Mankind has a powerful itch for exploration.
For many people, it’s easy to recall a memory riding a bike down a newly discovered trail or digging in the mud for an interestingly shaped rock. These tiny moments of explorative adventure have the power to change a life.
Such was the case for National Geographic partner and 2016 TED Prize winner Sarah Parcak.
“I’ve been in love with the ancient world since I was a small child,” Parcak said before speaking at WKU on Feb. 15.
Parcak wasn’t able to pinpoint a specific moment from her childhood that led her to study archeology, but her interest was piqued while studying at Yale. There, she worked under William Kelly Simpson, a famous Egyptologist.
She credited this time as the start of her career, which eventually brought her to space archeology.
Space archaeology uses satellite remote sensing technology to explore the globe and look for archeological sites through the use of algorithms. These algorithms allow Parcak to look at the Earth “like a CAT scan” and study its surface for what might be hidden underground.
The countless applications of remote sensing have redefined how we look at archeology, and Parcak has been a key contributor to how space archeology has evolved.
Still, despite the advancement of technology leading archeological discovery, our world’s ancient historic sites are being destroyed faster than ever by widespread looting and land encroachment.
Parcak’s most recent work has been an effort to find ways to stop the destruction of archaeological sites. Thanks to the Ted 2016 prize and grant, Parcak and her team launched the Global Xplorer website in January.
The web-based program on Global Xplorer works like a video game. It presents a user with a number of real satellite photo tiles and, after a short tutorial, the user can mark signs of destruction. This crowd-sourced information is then sent to archeologists in the field, so the sites can eventually be explored and hopefully salvaged before extensive destruction.
Almost 33,000 volunteers have already explored 5.3 million tiles on the website.
The concept of using online volunteers to process data for archeologists came from Parcak and her desire to make archaeology more inclusive.
The destruction of archeological sites is largely driven by international economics and politics. If local people feel disconnected from their heritage, are facing financial troubles or are being recruited into criminal organizations, archaeological sites become an easy target for fast income.
Parcak has observed these international trends in looting data and has worked to combat looting surrounding her own archaeological projects in Egypt by hiring locals to help with excavation and security. After including more local workers on her sites, looting in the area decreased.
Parcak’s work with Global Xplorer is an attempt to recreate what she saw on in Egypt on a global scale.
Listening to Parcak speak enthusiastically about the way today’s technology can bring people together, specifically through live streaming and messaging, it seems Parcak truly believes in archaeology as a unifying force.
“We are learning about how much it can empower people,” Parcak said, reflecting on the feedback her team received after launching the Global Xplorer website.
Space archaeology is a way to quickly and effectively explore the globe, but it does have its challenges. Modern borders do not necessarily fall in line with ancient civilizations, and, more often than not, archeological sites can involve several neighboring nations.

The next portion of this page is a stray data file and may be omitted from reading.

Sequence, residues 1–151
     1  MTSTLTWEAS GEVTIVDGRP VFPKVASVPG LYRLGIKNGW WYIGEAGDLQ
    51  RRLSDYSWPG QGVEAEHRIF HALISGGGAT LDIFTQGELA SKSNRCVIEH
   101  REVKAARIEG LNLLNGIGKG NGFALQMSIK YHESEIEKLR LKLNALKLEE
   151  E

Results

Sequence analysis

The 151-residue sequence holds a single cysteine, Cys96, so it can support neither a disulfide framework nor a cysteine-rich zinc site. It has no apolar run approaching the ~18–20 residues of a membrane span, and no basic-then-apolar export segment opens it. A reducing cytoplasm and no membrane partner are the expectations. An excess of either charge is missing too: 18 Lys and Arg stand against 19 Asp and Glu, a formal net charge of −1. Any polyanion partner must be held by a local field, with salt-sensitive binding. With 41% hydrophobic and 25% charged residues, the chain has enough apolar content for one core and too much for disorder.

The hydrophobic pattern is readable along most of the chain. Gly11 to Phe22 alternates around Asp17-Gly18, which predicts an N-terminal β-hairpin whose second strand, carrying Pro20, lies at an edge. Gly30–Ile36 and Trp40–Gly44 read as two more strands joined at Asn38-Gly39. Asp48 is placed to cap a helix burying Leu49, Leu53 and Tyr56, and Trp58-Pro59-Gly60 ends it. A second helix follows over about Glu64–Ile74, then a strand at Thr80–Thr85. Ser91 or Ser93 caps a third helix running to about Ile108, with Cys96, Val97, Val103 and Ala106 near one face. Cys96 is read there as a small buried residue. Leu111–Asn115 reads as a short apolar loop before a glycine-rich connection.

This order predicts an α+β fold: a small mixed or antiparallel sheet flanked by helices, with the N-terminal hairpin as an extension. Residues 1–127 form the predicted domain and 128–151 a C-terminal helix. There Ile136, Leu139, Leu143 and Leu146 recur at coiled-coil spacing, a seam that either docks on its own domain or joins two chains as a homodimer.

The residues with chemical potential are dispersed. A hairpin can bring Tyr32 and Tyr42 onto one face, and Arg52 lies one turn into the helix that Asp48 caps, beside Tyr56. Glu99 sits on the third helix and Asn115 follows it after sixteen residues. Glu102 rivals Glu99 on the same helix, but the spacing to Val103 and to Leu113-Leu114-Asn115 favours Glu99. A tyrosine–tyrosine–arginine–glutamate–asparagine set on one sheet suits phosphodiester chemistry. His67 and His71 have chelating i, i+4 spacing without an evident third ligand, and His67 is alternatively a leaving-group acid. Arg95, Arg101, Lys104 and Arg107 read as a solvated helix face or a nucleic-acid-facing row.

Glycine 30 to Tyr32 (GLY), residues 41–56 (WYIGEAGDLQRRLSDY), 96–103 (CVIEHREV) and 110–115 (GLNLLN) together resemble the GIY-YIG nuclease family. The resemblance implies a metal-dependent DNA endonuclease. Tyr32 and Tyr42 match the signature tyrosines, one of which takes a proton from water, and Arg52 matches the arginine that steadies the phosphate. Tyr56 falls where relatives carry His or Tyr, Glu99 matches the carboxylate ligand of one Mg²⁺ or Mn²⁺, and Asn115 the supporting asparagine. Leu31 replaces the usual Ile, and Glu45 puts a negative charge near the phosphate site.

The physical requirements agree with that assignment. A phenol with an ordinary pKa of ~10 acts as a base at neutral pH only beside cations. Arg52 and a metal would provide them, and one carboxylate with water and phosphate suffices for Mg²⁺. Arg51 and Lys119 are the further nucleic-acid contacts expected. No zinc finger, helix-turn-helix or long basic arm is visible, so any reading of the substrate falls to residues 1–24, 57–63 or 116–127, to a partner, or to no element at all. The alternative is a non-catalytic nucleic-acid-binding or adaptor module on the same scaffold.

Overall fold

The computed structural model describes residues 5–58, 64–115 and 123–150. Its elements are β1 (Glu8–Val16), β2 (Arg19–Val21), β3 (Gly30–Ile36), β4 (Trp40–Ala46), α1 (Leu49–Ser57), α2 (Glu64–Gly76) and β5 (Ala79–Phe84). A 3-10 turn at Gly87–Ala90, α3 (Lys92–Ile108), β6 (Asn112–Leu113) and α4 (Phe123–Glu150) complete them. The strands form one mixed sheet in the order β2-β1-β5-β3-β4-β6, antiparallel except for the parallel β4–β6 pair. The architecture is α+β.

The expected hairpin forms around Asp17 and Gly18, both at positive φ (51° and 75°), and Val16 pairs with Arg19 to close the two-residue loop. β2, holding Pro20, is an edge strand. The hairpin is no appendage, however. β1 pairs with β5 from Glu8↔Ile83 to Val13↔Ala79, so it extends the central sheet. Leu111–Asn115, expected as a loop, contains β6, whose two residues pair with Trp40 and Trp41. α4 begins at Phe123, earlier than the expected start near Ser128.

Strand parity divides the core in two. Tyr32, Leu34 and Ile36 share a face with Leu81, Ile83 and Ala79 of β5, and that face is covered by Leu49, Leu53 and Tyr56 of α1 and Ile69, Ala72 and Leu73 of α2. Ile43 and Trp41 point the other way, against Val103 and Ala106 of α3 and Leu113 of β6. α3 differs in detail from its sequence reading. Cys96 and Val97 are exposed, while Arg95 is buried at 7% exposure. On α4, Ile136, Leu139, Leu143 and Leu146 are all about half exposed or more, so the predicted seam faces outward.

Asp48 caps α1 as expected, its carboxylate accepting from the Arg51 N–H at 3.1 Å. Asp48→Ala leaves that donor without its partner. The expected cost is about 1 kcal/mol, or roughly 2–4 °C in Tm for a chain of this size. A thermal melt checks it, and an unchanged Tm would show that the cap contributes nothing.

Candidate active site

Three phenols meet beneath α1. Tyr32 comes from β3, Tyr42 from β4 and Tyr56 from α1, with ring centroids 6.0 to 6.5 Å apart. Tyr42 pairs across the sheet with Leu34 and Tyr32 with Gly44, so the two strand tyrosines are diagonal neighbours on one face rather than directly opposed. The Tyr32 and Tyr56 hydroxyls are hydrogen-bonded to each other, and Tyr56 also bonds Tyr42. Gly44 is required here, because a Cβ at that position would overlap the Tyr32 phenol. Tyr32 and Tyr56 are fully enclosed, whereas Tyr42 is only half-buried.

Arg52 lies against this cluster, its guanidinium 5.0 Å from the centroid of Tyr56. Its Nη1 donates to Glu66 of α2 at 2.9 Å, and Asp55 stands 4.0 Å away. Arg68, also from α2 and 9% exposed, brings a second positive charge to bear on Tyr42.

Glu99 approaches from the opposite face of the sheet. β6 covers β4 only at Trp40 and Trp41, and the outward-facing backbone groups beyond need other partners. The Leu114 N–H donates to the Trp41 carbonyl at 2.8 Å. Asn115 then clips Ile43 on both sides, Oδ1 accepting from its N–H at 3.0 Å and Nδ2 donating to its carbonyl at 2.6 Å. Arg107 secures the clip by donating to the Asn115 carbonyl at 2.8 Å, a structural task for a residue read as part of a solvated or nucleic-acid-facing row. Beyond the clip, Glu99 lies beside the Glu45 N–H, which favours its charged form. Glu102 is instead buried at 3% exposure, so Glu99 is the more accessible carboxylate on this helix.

Add in today’s development of satellite technology and one could see the challenge of navigating the logistics of exploration across foreign territories.
This challenge may seem too great for many, but most archeologists get along with their work just fine, and some, like Parcak, even find it appealing.
“One of the reasons I really like remote sensing is, more often than not, you can’t see borders,” Parcak said.
Of course, Parcak recognizes international borders, and they directly impact her work. But, she said they won’t stop her efforts.
“Modern borders do exist,” Parcak said. “What is interesting, and I think one of the many lessons that archeology has for us, is that walls don’t work.”
Archeologists, and even space archeologists like Parcak, spend a large amount of time in foreign countries, often developing close relationships with international colleagues.
“I work in the Middle East,” Parcak said. “I work with Muslims, and it’s going to be really interesting to see what happens in the current political climate.”
Archaeology is an international profession and relies closely on the relationships between nations for project permits, so it’s not surprising for Parcak to be concerned about the Trump administration’s approach to international relations.
Tensions are especially high among archeologists because many of them are racing against time to save as many ancient sites as possible. As such, setbacks from international political dynamics may have severe consequences.
“I just feel this weight all the time,” Parcak said toward the end of her speech at WKU. “My friends too — all of us feel like the weight of the world is pressing us down.”
But Parcak ended her talk with a note of hope.
“Look at the genius that represents human beings,” she said. “Look at all we have done throughout history. Human beings are creative. We’re resilient. We’re brilliant. And I think for studying archeology, we can begin to have so much more hope at where we’re going to go in the future.”
The nature of archaeology is changing, and Parcak is offering everyone, through Global Xplorer, the chance to shape our future by preserving our past.